– this sounds awfully complicated. Can’t I just use the interaction management capabilities built into my touchpoint systems? Yes you can, and most people probably will. But it’s unlikely you will have just one touchpoint system throughout your entire organization, so if you truly want to ensure that customers are treated consistently across all touchpoints, relying on their internal interaction management capabilities won’t do. You also might find you want interaction management capabilities–like multi-step campaigns or advanced recommendation engines–that your touchpoint doesn’t offer. Whether getting a more comprehensive or powerful solution is worth the added investment in a specialized interaction manager is a business decision you’ll have to make. The good news is that interaction management software lowers the cost of that investment dramatically. The bad news is there’s still no easy way to estimate the value.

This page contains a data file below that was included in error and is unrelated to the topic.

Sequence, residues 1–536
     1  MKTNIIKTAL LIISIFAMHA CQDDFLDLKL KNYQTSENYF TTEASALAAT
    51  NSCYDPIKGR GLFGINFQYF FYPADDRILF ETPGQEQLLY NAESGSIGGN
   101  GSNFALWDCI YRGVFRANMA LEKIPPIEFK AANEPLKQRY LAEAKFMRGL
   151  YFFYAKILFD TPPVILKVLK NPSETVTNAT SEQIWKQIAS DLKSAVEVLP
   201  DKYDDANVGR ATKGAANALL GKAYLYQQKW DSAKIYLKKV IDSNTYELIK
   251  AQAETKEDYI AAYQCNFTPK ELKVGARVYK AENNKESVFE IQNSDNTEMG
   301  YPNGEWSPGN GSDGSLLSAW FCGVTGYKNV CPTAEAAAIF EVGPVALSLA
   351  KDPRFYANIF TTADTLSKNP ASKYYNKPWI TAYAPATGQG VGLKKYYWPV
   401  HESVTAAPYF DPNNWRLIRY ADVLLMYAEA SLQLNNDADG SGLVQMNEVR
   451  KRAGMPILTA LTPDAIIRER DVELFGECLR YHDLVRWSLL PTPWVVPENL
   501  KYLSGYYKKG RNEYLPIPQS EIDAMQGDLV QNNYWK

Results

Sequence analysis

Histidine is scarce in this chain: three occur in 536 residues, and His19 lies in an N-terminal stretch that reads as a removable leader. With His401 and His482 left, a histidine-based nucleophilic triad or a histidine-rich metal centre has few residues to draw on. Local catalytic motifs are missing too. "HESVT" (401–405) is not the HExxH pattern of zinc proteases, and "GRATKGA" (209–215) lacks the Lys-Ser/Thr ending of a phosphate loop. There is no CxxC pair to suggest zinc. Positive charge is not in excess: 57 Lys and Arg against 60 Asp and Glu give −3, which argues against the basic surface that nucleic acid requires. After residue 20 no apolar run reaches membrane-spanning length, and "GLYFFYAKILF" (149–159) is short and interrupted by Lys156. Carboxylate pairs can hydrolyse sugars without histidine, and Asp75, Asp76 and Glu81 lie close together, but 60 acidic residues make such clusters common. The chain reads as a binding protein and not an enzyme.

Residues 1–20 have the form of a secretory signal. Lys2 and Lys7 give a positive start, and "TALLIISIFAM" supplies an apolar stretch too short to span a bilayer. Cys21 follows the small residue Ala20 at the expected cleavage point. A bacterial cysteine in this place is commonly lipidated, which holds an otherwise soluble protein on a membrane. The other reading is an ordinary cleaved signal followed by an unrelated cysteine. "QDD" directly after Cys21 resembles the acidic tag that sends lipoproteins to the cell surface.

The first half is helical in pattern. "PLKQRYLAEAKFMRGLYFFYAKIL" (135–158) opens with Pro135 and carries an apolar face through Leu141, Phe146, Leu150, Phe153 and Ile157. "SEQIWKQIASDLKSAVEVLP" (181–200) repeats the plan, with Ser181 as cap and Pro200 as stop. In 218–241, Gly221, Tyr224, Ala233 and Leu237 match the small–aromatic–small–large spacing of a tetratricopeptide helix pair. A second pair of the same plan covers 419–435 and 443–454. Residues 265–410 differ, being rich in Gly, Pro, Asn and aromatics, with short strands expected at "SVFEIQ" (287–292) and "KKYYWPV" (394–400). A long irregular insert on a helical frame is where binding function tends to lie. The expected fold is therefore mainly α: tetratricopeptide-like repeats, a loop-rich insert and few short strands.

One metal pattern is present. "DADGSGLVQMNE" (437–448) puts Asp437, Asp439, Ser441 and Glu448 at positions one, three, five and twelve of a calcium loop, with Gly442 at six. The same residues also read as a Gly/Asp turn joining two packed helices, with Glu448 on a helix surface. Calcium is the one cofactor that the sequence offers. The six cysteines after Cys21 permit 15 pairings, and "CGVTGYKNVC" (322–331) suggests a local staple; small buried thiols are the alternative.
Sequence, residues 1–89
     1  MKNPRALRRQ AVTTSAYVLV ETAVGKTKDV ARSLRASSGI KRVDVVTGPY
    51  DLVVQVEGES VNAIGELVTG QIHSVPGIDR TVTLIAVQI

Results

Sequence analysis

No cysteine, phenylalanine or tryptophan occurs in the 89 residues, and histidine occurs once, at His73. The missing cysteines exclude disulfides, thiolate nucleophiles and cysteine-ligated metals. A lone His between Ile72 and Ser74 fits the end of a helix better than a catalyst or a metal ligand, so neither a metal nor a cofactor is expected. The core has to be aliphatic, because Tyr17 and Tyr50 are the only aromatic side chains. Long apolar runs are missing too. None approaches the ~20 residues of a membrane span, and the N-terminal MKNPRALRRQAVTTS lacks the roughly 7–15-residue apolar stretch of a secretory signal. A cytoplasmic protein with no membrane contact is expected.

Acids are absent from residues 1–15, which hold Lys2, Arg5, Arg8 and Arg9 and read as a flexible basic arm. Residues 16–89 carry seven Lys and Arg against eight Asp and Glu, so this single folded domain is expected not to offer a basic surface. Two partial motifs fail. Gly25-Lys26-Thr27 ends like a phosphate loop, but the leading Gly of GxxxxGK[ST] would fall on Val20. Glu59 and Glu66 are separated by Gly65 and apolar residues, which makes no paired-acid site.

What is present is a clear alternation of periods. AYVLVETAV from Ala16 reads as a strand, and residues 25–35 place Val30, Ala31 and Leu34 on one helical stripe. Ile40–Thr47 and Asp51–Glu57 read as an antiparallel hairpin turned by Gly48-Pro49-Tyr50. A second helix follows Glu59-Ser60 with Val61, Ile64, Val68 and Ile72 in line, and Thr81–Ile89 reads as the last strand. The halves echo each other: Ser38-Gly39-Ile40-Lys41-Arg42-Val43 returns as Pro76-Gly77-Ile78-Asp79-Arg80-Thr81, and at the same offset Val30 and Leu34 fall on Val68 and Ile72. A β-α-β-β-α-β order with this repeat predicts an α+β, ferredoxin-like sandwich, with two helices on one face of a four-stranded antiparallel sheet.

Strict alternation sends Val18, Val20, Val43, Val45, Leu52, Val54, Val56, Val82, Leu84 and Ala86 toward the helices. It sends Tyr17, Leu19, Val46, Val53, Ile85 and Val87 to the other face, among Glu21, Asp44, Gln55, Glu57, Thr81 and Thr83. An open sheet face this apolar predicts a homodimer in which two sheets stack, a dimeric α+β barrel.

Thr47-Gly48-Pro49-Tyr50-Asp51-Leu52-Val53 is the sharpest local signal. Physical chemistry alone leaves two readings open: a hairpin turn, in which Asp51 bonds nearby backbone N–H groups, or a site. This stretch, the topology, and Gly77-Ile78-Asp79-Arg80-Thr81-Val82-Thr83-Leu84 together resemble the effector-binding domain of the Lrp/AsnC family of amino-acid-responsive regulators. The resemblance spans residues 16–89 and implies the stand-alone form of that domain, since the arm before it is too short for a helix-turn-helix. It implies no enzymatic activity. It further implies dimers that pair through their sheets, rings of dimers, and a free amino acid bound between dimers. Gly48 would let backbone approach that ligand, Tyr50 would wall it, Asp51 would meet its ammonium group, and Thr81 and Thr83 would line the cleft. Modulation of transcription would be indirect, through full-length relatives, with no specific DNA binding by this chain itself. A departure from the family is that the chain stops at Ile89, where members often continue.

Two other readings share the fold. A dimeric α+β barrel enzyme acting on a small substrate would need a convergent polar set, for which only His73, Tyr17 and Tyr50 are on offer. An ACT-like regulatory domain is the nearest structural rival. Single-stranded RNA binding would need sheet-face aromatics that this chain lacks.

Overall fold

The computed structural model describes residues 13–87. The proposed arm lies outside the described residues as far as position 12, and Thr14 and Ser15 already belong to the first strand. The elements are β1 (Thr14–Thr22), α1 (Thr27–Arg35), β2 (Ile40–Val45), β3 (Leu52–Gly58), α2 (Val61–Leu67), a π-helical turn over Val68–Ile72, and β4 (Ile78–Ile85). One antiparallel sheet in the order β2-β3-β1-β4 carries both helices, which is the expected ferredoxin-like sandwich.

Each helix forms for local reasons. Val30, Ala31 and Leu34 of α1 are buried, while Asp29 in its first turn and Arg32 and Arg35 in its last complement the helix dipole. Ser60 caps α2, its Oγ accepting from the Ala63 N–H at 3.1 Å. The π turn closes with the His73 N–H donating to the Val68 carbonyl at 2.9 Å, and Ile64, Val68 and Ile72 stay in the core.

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David M. Raab is a Principal at Raab Associates Inc., a consultancy specializing in marketing technology and analytics. He can be reached at draab@raabassociates.com.